This is why basement flats are more prone to condensation based damp, especially when these basement flats aren’t outfitted with exterior opening doors and windows, extractor fans, or positive pressure units.

All of these features are key when it comes to increasing the level of ventilation in a basement, and key if you want to make sure that the condensation build up doesn’t lead to a lasting damp problem, or black mould spreading.

You can look into all different kinds of ventilation options, but if you are struggling to keep condensation under control then you can talk to our team about arranging a condensation survey, and we can help you take the steps you need to reduce the amount of condensation being created in your property.

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Black Mould

Closeup of black spot mould on a skirting board

Black mould is a problem that stems from damp, and thrives in warm, moist environments.

Basically, a damp basement is a breeding ground for black mould fungus. If you live in a basement flat, you might have already had a run-in with black mould, or could even have a problem with it whilst you are reading this.

We have plenty of material on black mould the causes, and how to treat it, but the simple version is this: Damp, present in whatever form (most commonly condensation in a basement), will create the ideal breeding ground on which black mould can grow. You should also know that until the damp has been treated the black mould is only going to come back time and again.

Basically, address your basements damp problem before moving onto mould eradication. The actual removal of the mould itself is easily done, and takes very little effort provided you have the correct equipment.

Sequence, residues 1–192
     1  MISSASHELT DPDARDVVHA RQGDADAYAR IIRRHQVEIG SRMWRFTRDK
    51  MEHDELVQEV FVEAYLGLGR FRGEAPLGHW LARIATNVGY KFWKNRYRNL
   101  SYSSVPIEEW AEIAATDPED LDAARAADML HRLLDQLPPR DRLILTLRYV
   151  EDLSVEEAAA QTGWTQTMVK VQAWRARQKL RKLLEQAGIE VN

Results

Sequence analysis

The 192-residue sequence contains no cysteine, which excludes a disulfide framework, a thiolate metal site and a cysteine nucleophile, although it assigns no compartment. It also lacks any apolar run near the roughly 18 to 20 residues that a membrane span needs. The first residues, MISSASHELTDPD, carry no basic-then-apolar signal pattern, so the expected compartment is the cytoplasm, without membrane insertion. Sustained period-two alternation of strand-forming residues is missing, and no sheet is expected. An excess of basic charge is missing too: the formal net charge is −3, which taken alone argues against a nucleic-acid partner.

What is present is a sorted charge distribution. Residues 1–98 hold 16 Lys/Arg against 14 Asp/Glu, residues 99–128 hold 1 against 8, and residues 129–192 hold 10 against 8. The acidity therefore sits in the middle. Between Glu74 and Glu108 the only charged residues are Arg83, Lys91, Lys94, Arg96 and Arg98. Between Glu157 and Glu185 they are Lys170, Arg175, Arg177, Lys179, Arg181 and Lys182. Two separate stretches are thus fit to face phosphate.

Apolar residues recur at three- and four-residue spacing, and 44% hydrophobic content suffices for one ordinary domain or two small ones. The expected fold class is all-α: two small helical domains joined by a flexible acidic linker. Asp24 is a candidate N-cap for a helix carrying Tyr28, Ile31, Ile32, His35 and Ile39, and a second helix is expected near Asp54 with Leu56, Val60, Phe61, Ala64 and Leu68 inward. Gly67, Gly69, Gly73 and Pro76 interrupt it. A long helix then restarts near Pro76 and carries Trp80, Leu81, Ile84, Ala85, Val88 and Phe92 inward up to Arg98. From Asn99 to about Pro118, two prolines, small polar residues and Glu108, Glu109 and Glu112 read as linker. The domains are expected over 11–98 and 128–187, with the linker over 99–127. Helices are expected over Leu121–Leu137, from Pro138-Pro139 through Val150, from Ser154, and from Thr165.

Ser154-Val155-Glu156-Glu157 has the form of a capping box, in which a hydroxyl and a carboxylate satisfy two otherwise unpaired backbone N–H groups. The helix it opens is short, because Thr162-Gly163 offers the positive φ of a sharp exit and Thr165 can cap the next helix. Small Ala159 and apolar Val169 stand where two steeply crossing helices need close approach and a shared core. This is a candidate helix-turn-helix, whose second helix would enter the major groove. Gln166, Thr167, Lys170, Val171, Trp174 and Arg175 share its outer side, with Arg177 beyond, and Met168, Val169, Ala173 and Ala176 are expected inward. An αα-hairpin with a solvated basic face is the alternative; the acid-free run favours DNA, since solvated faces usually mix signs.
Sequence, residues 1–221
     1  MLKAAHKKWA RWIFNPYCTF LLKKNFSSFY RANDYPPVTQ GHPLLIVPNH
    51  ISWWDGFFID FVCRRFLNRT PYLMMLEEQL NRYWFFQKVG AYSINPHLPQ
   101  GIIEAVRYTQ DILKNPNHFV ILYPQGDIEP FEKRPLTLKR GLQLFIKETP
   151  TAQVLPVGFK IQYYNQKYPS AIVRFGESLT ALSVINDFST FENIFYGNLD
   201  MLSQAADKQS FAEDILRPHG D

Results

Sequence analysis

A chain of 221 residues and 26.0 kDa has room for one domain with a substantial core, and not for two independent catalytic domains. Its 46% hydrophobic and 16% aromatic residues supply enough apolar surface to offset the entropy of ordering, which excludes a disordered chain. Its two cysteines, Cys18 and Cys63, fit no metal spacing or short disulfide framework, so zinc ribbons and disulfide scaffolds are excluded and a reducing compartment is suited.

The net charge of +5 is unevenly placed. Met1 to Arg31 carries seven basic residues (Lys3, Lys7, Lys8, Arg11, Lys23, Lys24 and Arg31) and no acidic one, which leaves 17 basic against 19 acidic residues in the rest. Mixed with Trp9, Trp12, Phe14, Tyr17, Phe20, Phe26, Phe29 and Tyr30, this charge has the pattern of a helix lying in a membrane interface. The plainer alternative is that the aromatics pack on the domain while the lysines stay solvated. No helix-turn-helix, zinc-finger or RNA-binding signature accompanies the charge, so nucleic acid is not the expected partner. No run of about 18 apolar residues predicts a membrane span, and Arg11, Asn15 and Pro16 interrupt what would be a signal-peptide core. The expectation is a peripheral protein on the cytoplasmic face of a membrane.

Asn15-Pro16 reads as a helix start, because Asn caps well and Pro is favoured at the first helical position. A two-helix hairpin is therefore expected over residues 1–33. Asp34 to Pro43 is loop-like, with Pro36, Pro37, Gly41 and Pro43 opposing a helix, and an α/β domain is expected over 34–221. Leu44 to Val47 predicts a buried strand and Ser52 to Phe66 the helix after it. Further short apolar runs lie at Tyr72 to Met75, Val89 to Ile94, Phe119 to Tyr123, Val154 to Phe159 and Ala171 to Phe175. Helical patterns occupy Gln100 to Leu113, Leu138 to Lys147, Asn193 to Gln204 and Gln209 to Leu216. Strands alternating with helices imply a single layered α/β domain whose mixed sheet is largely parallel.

Just use the mould eradication spray on the effected area, leave it for thirty minutes, then scrub vigorously and repeat until the mould has been cleaned away. You may well need to repaint or repaper the surface the black mould has effected, but once you have eliminated the source of the damp in your basement flat then it’s much less likely to return.

Flooding

Basement flooded with water

 

Flooding is by far one of the most common property care complaints of those who live in basement flats.

These floods don’t even have to take the form of the kind of knee deep, news leading images you might be thinking of, but they can be a slow and steady influx of water that might ruin a particular corner of a basement flat, allow damp to build up, or even ruin your wallpaper or paintwork.

The reason for basement flooding? Inadequate waterproofing. These days every property must comply to the standards set down in BS8102:2022, the British Waterproofing Standards – but that is these days.

There are plenty of older properties that might not comply to these standards, and if they have had the basement converted into a flat without a proper update to the waterproofing installed then you could well have a basement not built to cope with the likes of the hydrostatic or lateral pressure like we described earlier.

These problems might get worse in winter, the flooding might slow down or stop in summer, but if you do have a flood in your basement flat, it’s indicative of a larger problem to do with the waterproofing of the basement itself.

This isn’t an unsolvable problem. Basement waterproofing can take many forms, and our team are highly skilled and well experienced at installing both of the types of BS:8102 complaint waterproofing systems which can be installed following construction.

First you have Type A Waterproofing, also known as tanking. This is a waterproof slurry applied to the below ground walls of a property, stopping water from making its way in. Then you have Type C waterproofing, also known as a cavity drain membrane system.

Type C waterproofing is much less invasive, with it being made up of a membrane affixed to the interior of a basement, designed to collect the water and channel it, via internal drains, into a sump pump, which safely pumps the collected water into a proper disposal point.

You can always contact our team about basement waterproofing solutions online, or call 0800 288 8660 to talk to us about any property care issues you are having in your basement, and the best way to deal with them.